(Bloomberg) -- The governing boards of Hollywood’s writers union approved a new contract with the studios and ended their strike, authorizing workers to return to their jobs. 

The board of the Writers Guild of America West and the council that oversees the Writers Guild of America East said their strike ended at 12:01 a.m. Los Angeles time on Wednesday. Union members will now vote on the new contract, with balloting scheduled to end Oct. 9, the groups said in a statement. 

With the two bodies authorizing a vote, union leadership provided members with a copy of the tentative agreement, including pay, the so-called residuals that members will get from reruns and staffing levels.

The writers got a boost in their minimum wages of 5% in the first year. For the first time the studios will share viewer data for programs on streaming services with the union on a confidential basis. Writers of shows that reach at least 20% of domestic viewers in their first 90 days on a streaming service will get bonus payments, another first.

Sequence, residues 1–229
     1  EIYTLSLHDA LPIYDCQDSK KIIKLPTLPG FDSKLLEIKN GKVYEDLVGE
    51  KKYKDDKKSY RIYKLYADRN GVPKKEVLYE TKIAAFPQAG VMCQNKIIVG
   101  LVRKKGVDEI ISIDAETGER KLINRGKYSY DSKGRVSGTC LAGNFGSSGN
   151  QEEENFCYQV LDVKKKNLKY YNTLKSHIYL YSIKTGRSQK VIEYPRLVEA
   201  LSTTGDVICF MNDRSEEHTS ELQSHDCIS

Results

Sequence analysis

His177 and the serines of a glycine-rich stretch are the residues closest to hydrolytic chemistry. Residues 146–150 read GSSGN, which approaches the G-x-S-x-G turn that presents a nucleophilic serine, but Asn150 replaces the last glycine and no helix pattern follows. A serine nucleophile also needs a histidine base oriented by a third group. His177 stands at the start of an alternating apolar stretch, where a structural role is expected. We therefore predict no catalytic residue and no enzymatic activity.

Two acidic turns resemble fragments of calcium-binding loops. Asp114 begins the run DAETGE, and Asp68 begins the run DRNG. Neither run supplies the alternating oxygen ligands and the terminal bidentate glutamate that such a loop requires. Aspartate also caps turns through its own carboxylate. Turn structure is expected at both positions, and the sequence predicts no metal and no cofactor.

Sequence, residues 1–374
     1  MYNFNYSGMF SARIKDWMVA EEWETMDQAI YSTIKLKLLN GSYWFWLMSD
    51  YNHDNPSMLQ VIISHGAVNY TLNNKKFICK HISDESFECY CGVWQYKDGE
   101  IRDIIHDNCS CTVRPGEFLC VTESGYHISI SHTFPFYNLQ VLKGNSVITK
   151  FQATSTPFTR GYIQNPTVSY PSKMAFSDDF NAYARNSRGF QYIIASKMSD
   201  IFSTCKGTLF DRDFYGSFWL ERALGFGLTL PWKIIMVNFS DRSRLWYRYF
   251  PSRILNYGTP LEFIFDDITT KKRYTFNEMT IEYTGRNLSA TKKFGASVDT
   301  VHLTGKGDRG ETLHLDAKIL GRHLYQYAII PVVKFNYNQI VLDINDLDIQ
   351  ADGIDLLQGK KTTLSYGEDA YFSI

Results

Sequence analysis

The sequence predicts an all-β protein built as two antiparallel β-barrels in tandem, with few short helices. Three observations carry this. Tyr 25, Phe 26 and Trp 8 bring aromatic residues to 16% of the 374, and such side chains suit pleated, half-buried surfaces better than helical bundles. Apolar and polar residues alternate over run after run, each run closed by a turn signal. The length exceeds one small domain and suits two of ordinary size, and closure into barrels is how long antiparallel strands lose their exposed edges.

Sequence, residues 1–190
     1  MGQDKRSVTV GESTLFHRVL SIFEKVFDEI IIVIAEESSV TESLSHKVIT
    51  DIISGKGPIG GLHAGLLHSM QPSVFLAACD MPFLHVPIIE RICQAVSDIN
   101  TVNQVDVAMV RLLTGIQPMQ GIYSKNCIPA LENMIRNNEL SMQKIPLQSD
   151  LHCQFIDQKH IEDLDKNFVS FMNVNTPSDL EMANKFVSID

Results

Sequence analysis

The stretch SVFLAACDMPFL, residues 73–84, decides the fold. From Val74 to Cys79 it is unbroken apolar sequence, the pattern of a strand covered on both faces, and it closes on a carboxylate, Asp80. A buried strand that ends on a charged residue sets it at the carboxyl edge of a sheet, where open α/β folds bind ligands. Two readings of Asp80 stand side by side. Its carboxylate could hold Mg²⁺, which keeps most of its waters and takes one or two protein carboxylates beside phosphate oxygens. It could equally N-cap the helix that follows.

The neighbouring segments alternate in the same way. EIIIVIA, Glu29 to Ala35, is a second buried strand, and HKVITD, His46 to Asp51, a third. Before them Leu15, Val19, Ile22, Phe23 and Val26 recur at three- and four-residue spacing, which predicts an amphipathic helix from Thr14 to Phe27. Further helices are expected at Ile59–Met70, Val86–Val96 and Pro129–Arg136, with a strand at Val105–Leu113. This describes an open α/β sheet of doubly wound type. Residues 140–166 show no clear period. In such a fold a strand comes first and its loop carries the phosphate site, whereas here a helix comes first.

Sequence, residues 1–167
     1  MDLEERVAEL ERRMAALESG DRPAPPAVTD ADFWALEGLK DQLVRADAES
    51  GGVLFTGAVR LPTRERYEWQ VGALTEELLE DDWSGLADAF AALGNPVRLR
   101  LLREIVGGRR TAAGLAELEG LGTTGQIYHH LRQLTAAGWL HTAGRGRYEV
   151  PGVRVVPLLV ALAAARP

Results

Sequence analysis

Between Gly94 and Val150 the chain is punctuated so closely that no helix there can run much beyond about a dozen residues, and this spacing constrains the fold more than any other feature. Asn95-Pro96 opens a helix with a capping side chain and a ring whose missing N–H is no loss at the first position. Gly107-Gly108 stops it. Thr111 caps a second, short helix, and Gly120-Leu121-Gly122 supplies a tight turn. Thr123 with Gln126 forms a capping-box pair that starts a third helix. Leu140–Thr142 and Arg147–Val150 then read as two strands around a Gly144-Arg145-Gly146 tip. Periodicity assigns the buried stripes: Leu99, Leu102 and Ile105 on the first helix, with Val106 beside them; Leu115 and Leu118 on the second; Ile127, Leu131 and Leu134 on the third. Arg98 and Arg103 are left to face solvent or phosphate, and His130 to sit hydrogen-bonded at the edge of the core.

A minimum of at least three writers working for ten weeks will be employed on shows, something the union had been pushing for. In another major deal point, the studios have assured writers that screenplays will be credited to a human being, and the writers won’t be replaced by artificial intelligence. 

The 11,500-member writers union and studios including Walt Disney Co. and Netflix Inc. reached a new labor agreement on Sept. 24 following days of intense talks aimed at ending a strike that began on May 2. 

The writers went on strike for the first time since 2007 to fight for higher pay from streaming services, which have reshaped how TV is made and how talent gets paid. The Screen Actors Guild joined them in July over similar concerns.

(Updates to say strike has ended from first paragraph.)

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